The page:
Two earlier machines also deserve brief mention just to present a complete account. Around 1950 the physiologist Grey Walter built a small mobile “Turtle” whose analog circuits could be arranged so that it moved either towards or away from a light source [Ref-14: Turtle]. And in the early 1960’s researchers at Johns Hopkins University built a mobile device called the “Beast” that was programmed to plug itself into a wall socket when its batteries ran low. [Ref-15: Beast] Neither of these machines were designed to have perceptual, planning, execution monitoring, error recovery or natural language ability.

Significant references

Shakey Reference 1 (Ref-1): SRI International AIC Technical Note 323 “Shakey the Robot,” edited by Nils J. Nilsson, April 1984 (TechNote 323). Ref-01_AICTechNote323.pdf

Shakey Reference 2 (Ref-2): Thrun, S., et al, “Stanley: The Robot that Won the DARPA Grand Challenge”, J. Field of Robotics, 23(9) 661 – 692 (2006), Wiley Interscience. (Thrun at Figure 5, p. 667. Figure 5 also is available at Ref-02_ThrunDiagram.pdf

Shakey Reference 3 (Ref-3): Duda, R. O. and P. E. Hart, "Use of the Hough Transformation to Detect Lines and Curves in Pictures," Comm. ACM, Vol. 15, pp 11-15 (January, 1972) (Hough). In Ref-03_UseOfTheHoughTransformationToDetect LinesAndCurvesInPictures.pdf

Shakey Reference 4 (Ref-4): Hart, Peter E., “How the Hough Transform was Invented”, IEEE Signal Processing Magazine, Vol 26, Issue 6 (November, 2009) pp 18-22 (Hough History). Ref-04_HowHoughTransformWasInvented.pdf

Shakey Reference 5 (Ref-5): Fikes, R. E., and N. J, Nilsson, “STRIPS: A New Approach to the Application of Theorem Proving to Problem Solving”, Artificial Intelligence 2 (1971) pp 189-208. (STRIPS) Ref-05_STRIPS.pdf

Shakey Reference 6 (Ref-6): Fikes, R. E, and N. J. Nilsson, “STRIPS, a retrospective”, Artificial Intelligence 59, (1993) p 229 (STRIPS Retro) Ref-06_STRIPS-Retro.pdf

Shakey Reference 7 (Ref-7): Fikes, R. E., P. E. Hart and N. J. Nilsson, "Learning and Executing Generalized Robot Plans," Artificial Intelligence, Vol. 3, No. 4, pp 251-288 (Winter 1972) ) (STRIPS.PLANEX) Ref-07_STRIPS-PLANEX.pdf

Shakey Reference 8 (Ref-8) (Re.Pub): This paper was republished in the following edited collections: Fikes, R. E., P. E. Hart and N. J. Nilsson, "Learning and Executing Generalized Robot Plans," Artificial Intelligence, Vol. 3, No. 4, pp 251-288 (Winter 1972); also in the following: Readings in Artificial Intelligence, B. L. Webber and N. J. Nilsson (eds.), (Tioga Publishing Company, Palo Alto, California, 1981); Readings in Machine Learning, J. W. Shavlik and T. G. Dietterich (eds.), (Morgan Kaufmann Publishers, San Mateo, California, 1990); Readings in Planning, J. Allen, J. Hendler, and A. Tate (eds.), (Morgan Kaufmann Publishers, San Mateo, California, 1990); Readings in Knowledge Acquisition, B. G. Buchanan and D. C. Wilkins (eds.), (Morgan Kaufmann Publishers, San Mateo, California, 1993).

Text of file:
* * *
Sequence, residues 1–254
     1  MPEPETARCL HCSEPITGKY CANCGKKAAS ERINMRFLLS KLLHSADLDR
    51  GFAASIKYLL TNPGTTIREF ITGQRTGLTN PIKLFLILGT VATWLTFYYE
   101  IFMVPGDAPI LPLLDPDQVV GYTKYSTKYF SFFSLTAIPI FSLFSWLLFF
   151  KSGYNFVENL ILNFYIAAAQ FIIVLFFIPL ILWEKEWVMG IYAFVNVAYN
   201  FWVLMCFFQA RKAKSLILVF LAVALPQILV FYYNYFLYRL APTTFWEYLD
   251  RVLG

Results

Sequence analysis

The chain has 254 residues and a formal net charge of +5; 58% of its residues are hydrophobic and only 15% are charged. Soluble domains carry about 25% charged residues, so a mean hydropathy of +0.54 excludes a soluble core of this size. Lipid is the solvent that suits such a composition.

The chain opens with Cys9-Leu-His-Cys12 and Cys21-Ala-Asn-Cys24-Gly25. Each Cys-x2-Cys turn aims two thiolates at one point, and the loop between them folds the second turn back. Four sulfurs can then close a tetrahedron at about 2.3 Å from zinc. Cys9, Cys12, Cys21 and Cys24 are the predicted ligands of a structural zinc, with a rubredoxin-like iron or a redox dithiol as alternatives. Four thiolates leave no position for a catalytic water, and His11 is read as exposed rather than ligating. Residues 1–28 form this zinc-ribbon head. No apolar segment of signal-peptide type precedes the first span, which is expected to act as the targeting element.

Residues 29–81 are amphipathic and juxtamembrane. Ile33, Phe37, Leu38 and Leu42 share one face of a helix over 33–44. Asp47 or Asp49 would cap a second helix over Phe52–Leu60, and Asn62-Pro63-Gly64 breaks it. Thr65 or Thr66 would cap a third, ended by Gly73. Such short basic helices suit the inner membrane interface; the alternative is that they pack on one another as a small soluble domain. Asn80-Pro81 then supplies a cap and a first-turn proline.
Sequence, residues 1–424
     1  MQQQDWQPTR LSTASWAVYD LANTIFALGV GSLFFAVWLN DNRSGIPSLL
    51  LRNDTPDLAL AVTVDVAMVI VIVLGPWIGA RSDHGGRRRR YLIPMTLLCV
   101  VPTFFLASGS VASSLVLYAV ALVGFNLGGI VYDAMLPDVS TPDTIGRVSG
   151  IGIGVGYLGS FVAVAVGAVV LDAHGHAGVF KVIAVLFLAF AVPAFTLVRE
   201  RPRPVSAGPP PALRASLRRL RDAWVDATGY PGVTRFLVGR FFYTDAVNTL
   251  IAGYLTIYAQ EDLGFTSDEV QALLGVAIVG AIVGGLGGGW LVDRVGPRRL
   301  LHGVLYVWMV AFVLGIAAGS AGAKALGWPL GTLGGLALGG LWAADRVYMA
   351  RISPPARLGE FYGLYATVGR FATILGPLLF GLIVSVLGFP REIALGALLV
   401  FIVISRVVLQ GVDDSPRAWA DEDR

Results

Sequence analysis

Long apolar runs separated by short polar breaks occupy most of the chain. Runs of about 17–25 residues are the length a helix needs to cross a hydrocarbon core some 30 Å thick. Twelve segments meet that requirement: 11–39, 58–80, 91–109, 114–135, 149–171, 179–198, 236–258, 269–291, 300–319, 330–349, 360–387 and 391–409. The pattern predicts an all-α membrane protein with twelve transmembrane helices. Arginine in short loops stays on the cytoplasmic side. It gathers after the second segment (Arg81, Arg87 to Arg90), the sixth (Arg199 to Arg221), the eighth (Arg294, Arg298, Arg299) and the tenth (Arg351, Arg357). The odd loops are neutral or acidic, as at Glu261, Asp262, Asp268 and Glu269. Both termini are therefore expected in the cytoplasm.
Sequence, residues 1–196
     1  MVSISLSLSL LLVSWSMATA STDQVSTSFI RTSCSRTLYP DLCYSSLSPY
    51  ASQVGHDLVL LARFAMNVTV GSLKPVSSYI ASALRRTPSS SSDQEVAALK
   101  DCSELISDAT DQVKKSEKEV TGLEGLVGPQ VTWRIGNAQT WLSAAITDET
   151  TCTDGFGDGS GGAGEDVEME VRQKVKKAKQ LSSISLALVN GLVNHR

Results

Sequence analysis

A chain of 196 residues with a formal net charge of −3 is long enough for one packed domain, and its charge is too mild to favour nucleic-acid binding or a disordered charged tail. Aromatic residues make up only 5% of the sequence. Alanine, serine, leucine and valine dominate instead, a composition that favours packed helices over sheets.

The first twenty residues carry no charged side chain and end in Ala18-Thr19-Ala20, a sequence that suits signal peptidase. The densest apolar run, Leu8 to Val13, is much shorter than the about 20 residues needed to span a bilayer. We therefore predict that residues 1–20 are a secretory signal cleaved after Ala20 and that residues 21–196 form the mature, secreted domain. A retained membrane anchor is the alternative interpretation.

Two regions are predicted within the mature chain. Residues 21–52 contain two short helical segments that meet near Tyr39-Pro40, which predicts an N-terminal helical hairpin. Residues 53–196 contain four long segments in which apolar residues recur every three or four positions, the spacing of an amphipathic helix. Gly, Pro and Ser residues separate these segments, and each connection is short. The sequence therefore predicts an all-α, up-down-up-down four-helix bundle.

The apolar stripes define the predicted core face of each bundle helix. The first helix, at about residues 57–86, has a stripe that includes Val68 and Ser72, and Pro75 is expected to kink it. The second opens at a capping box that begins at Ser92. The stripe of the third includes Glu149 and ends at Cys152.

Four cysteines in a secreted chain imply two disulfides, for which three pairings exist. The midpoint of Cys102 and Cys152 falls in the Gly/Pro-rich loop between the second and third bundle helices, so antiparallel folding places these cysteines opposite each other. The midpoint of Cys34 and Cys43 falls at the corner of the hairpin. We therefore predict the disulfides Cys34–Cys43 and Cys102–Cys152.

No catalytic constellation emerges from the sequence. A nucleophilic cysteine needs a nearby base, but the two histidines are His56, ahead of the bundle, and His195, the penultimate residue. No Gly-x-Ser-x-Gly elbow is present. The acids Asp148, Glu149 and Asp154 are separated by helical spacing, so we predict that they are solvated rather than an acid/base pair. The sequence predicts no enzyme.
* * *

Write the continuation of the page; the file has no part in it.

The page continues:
Shakey Reference 9 (Ref-9): Hart, P. E., N. J. Nilsson, and B. Raphael, "A Formal Basis for the Heuristic Determination of Minimum Cost Paths in Graphs," IEEE Trans. on Systems Science and Cybernetics, Vol. SSC-4, No. 2, pp 100-107, (July 1968) (AStar) Ref-09_AStar.pdf

Shakey Reference 10 (Ref-10): “A* is far and away the most used. . . and most useful. . . algorithm for path finding in games today.” Email from Steven Woodcock, Computer Games Consultant (Woodcock)

Shakey Reference 11 (Ref-11)(Dstar): The Mars rovers Spirit and Opportunity (that reached the surface of Mars in 2004), and the Curiosity rover (that reached the surface of Mars in 2012) use a derivative of A* called Field D* to navigate on Mars. Autonomous navigation is required because Mars rovers cannot be effectively driven manually from earth because of the lengthy round trip signal propagation time between Earth and Mars. Information on the use of Field D* on Curiosity was given in a personal communication with a Curiosity project team leader. Use of D* on Spirit and Opportunity is documented in Carsten, J., A. Rankin, D. Ferguson and A. Stentz, “Global Planning on the Mars Exploration Rovers: Software Integration and Surface Testing”, J. Field Robotics, 26(4), 337 – 357 (2009). Ref-11_FieldDStar.pdf

Shakey Reference 12 (Ref-12): Nilsson, N. J., The Quest for Artificial Intelligence, Cambridge University Press, 2010, p. 164.

Shakey Reference 13 (Ref-13): Stanford hosted a Shakey retrospective at which Charles A. Rosen described some of the political obstacles he faced in securing funding to start the project. Rosen’s comments begin at approximately 15 minutes into a video of the event posted at

Shakey Reference 14 (Ref-14): Nilsson, N. J., The Quest for Artificial Intelligence, Cambridge University Press, 2010, pp. 23-24.

Shakey Reference 15 (Ref-15): Nilsson, N. J., The Quest for Artificial Intelligence, Cambridge University Press, 2010, pp. 162-163.

Supporting materials